All about cycling in the Netherlands
After all the recent posts on infrastructure, it is time to focus again on who that was all built for: ordinary people on their bicycles. During my lunch break I pointed my camera at people cycling in the station area of Utrecht. I’ve shown you many videos of rush hour in this area, but because over 22,000 people pass here on a bicycle every day, you see people cycling here any time of the day, also outside rush hours. If you look at who you see cycling in this video, you can tell the working part of the population is largely missing. You see lots of students, women and also children, which means it must have been a Wednesday afternoon, because traditionally that day is still only a half a school day for most schools in this country. You can even see some dads who have just picked up their kids from school. The Netherlands is the country where (relatively) most people work part-time. Couples make sure their part-time hours are organised in such a way that they can take turns in caring for their children and you can even see that in the streets!
The station area is a mess, it has been for years and it will be for quite some years. A recent aerial picture from the website CU2030 shows that very clearly. I filmed on locations in the bottom part of the close up picture below. Because of all the building activities going on here, the infrastructure is almost all temporary. But even these temporary cycleways are okay.
That doesn’t mean things always go right. There is a near collision in the video when a boy with a hat cycles around people waiting for the traffic light on the wrong side of the path when a scooter is approaching faster than he thought. Luckily both pull their brakes in time and it was just a near miss. On another day I have seen a scooter rider really collide with a mother with child, who tipped over and fell on the ground together. The child was crying very loud but more of the shock than of actually being hurt. With all the passers-by immediately comforting her and her mother, things were quickly back to normal. The low speeds with which these small collisions take place make the consequences relatively mild. But people do complain that this area is so confusing and busy that too many collisions take place.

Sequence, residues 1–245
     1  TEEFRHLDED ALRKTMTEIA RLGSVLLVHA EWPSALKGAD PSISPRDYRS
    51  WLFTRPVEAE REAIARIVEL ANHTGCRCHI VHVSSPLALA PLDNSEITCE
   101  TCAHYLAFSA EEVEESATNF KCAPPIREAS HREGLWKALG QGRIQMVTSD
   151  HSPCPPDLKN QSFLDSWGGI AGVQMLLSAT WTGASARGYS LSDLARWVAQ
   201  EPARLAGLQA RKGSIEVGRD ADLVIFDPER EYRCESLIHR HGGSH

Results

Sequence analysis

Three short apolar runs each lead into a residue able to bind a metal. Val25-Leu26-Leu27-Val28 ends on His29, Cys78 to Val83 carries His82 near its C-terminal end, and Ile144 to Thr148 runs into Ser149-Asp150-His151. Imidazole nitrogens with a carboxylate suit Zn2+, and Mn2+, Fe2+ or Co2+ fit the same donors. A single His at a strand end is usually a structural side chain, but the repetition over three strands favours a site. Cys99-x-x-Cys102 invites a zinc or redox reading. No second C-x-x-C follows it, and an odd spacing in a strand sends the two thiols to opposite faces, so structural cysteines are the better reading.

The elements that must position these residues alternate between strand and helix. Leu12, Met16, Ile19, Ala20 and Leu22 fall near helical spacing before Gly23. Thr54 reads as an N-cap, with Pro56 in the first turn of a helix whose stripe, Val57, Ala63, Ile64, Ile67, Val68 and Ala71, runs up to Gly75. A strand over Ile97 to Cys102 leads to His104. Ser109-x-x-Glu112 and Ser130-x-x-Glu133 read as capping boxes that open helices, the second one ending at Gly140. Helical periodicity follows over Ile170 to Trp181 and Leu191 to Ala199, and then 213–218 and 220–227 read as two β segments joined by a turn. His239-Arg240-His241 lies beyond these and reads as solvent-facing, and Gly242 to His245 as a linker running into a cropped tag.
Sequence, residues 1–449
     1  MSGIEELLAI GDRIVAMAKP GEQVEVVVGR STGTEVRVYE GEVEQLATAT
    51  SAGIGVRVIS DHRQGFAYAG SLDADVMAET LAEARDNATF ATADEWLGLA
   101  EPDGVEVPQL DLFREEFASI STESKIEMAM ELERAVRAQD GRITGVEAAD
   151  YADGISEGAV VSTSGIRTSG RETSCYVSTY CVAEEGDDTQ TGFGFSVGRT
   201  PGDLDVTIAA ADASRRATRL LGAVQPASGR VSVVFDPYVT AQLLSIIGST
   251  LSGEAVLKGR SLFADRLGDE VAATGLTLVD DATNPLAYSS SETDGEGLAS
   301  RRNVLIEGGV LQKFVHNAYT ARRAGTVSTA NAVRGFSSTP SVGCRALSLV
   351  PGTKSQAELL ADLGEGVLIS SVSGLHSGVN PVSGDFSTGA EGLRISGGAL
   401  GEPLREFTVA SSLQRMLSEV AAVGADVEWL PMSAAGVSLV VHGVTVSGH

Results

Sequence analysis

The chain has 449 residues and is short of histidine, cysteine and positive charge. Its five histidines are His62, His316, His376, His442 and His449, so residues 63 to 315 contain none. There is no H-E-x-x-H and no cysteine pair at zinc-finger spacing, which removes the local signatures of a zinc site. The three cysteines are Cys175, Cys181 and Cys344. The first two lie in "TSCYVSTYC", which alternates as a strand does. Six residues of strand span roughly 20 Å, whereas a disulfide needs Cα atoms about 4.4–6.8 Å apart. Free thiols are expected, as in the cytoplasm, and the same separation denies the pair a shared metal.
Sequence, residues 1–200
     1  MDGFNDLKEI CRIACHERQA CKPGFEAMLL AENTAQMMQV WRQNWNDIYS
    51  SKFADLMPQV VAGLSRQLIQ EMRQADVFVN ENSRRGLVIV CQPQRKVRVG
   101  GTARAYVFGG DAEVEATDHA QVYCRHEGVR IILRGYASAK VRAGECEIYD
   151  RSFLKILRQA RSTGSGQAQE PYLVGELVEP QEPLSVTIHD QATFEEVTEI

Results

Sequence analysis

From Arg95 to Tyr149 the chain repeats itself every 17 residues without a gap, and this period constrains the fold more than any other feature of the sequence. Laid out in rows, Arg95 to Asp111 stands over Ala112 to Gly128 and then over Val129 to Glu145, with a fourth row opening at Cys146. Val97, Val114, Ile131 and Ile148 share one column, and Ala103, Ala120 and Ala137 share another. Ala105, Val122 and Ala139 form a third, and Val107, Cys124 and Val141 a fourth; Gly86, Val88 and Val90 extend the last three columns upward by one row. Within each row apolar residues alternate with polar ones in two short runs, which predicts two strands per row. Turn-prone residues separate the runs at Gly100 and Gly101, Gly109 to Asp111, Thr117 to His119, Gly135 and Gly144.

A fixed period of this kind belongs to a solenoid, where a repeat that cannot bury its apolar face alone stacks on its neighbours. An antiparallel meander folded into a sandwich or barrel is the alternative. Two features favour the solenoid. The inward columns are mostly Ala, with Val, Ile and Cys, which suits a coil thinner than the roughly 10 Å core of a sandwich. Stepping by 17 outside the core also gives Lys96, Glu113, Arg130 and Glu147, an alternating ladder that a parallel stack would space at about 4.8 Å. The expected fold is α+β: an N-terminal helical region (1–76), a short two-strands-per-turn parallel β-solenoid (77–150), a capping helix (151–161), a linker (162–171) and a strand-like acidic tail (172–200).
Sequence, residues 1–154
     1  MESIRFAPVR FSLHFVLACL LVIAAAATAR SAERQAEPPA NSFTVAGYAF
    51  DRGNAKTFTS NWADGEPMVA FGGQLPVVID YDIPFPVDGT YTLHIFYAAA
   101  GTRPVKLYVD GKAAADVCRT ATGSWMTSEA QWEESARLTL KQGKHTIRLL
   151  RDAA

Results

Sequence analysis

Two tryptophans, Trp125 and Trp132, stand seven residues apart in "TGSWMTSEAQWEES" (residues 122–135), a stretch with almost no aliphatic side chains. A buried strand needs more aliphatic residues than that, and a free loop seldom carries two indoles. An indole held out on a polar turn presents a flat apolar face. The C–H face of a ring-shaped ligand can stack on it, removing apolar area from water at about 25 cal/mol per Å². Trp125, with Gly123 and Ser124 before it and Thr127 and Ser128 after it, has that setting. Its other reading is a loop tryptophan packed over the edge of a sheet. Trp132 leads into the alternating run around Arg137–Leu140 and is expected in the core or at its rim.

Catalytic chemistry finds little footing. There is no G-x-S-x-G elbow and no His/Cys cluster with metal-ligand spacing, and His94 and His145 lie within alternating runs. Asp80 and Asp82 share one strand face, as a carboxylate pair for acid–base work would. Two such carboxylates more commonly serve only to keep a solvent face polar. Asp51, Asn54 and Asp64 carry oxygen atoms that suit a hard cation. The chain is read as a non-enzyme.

Even though it is a myth the Dutch don’t signal at all, it might help here if people would signal a bit better. We Dutch do signal, just not so obviously and only when we think it is necessary.
Some of the signals that you can witness in the video.
But even without clear signalling and considering how busy it is here even on an afternoon; things don’t really go wrong here in a major way. The building-site cycling infrastructure is clear and wide. The city made sure there are almost no bollards and people keep their speeds low. All in all cycling is not so bad here. Especially when you know it is all on temporary infrastructure. Oh, but wait… this post was supposed to be about people cycling and not infrastructure. It goes to show that the two are linked and can hardly been seen separately. But the video does show a lot of people cycling, I can guarantee you that. Enjoy!
Relaxed cycling in a building site, on a Wednesday afternoon. As this still already gives away, there is some hi-viz and helmet wearing at the end of this video, but not by people cycling!
And when you then see what the new permanent cycleways in the area look like… that really makes me happy!
A short video by CU2030 explaining some of the projects in this area.